my $hashy;
get_date($hashy);

sub get_date {
  my($ref_last) = @_;
  my $duration = '24,0,4';
  @{ $_[0]->{duration} }{qw/ d h m /} = split(/\,/, $duration);
}

Note the use of $_[0] to directly access the first parameter, which is an alias to $hashy in this case. That is, get_date modifies $hashy directly.

Either way, say we print the contents with

print "[", join("][" => %{ $hashy->{duration} }), "]\n";

in which case the output is some permutation of

[h][0][m][4][d][24]

Building complex data structures with Perl isn’t difficult, but you have to learn the rules.

share|improve this answer

This happens because you have a weird syntax for your hash reference.

#!/usr/bin/perl -w
use strict;

my $hashref = {};
get_date($hashref);

print $hashref->{duration}->{d};

sub get_date {
    my ($ref_last) = @_;
    $tmp = '24,0,4';

    ($ref_last->{duration}->{d},
     $ref_last->{duration}->{h},
     $ref_last->{duration}->{m})
            = split(/,/, $tmp);
}

and in your subroutine use $ref_last->{duration}, without $$.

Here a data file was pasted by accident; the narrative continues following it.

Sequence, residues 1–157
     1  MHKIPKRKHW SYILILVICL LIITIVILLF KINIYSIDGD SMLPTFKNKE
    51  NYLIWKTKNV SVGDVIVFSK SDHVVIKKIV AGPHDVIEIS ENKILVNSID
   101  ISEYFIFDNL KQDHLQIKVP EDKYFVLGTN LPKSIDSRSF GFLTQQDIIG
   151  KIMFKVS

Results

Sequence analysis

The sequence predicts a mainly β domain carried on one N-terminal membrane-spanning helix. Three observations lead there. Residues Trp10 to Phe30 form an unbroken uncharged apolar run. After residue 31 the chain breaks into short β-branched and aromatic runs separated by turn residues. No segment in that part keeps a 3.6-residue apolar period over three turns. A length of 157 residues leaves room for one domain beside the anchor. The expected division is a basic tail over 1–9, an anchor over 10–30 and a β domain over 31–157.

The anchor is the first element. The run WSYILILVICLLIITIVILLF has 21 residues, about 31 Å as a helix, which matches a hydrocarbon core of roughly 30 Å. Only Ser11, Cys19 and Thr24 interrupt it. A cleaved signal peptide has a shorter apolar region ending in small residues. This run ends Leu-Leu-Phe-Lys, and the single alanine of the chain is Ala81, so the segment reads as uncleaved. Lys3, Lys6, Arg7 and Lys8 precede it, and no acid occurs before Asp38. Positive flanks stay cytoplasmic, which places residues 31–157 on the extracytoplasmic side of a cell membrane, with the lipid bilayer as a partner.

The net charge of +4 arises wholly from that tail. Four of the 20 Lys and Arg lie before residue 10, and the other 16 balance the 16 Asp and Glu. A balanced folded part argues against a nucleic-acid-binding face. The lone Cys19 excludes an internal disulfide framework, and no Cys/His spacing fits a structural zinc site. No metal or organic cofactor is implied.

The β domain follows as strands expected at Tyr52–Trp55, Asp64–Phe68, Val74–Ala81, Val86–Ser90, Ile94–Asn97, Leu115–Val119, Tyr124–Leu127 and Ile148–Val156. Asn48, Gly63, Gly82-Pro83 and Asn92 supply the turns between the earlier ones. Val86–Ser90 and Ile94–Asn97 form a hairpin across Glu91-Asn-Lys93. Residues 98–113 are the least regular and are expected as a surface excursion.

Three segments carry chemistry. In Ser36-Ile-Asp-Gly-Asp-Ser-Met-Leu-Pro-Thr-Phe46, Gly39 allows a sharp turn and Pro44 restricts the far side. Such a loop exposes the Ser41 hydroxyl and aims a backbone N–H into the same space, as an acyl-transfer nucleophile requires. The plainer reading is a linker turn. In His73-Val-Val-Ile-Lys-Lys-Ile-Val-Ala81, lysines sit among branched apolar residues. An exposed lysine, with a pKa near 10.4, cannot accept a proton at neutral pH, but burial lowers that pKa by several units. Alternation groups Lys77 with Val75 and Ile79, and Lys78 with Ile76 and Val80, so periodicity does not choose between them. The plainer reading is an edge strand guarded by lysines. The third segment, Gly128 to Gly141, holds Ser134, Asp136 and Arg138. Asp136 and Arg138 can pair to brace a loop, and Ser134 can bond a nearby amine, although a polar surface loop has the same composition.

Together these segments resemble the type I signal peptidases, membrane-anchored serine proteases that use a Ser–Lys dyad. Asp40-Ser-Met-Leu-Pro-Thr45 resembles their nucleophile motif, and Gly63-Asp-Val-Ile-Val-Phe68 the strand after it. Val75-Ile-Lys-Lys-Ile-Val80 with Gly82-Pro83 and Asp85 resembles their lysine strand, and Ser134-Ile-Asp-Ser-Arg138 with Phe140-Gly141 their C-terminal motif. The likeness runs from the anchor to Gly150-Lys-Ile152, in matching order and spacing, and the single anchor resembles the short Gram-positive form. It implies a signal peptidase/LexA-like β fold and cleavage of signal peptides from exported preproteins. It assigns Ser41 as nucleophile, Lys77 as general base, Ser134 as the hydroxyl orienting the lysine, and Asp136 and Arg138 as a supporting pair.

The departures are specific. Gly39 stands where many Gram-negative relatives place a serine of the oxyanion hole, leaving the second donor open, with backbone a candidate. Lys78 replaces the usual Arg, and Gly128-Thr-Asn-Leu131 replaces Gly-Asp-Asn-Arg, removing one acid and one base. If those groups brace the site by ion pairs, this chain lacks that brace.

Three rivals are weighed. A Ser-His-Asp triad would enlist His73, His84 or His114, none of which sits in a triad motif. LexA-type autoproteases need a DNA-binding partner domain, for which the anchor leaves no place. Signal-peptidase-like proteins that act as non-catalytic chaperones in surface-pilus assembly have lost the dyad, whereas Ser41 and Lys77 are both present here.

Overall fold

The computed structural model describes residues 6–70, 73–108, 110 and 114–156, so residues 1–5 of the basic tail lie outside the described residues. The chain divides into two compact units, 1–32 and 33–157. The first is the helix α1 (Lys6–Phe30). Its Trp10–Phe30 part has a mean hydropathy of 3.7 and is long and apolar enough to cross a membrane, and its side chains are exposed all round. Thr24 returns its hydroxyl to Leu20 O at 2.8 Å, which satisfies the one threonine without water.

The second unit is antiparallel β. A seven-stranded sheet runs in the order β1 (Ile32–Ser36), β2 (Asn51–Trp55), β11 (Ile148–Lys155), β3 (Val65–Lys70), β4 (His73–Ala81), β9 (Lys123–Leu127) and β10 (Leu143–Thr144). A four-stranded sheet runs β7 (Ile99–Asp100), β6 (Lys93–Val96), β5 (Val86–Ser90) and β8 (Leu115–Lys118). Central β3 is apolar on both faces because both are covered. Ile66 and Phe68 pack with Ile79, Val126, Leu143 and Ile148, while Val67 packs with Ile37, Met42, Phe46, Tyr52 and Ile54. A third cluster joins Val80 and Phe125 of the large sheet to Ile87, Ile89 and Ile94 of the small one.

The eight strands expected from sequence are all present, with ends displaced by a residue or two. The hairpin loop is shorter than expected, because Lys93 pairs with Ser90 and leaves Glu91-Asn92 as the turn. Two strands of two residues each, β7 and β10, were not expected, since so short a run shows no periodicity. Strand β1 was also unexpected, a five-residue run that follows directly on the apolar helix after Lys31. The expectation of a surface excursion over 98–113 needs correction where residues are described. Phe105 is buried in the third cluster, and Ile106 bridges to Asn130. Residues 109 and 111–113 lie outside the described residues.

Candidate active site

share|improve this answer
    
Sorry, can't follow you. Could you please give a complete working example ? I learned: If i have to return values from a sub (without return $returnvar), i have to pass them as Reference (\$var). To dereference it, i use $$var in the sub. That works fine, until i use strict. –  int2000 May 23 '12 at 18:26
1  
By doing that change, $hashref will not get autovivified, so it will remain undef after get_date is called. He would need to do my $hashref = {}; –  ikegami May 23 '12 at 18:41
    
@ikegami, it seems it's smth special related to split; even with my $hashref = {}; the same error arise; if using a simple variable like in your answer, it works fine, but if a hash element is used, it falls –  ArtM May 23 '12 at 18:43
    
@ArtM, My my $hashref = {}; comment was regarding the change in calling convention you made. It wasn't meant to solve the problem the OP asked about. –  ikegami May 23 '12 at 19:03
    
yes, it seems I had a bad day and I'm completly out of the subject and even wrongly read erronous line numbers when I was playing with this example :/ ... better if I'll not post nonsense –  ArtM May 23 '12 at 19:08